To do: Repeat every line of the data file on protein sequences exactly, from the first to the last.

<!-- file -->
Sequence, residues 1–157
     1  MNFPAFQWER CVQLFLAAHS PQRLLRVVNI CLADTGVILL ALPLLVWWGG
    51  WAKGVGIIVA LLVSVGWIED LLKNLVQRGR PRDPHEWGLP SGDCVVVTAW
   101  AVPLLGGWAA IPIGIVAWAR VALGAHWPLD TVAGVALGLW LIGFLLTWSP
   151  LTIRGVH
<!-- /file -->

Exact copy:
Sequence, residues 1–157
     1  MNFPAFQWER CVQLFLAAHS PQRLLRVVNI CLADTGVILL ALPLLVWWGG
    51  WAKGVGIIVA LLVSVGWIED LLKNLVQRGR PRDPHEWGLP SGDCVVVTAW
   101  AVPLLGGWAA IPIGIVAWAR VALGAHWPLD TVAGVALGLW LIGFLLTWSP
   151  LTIRGVH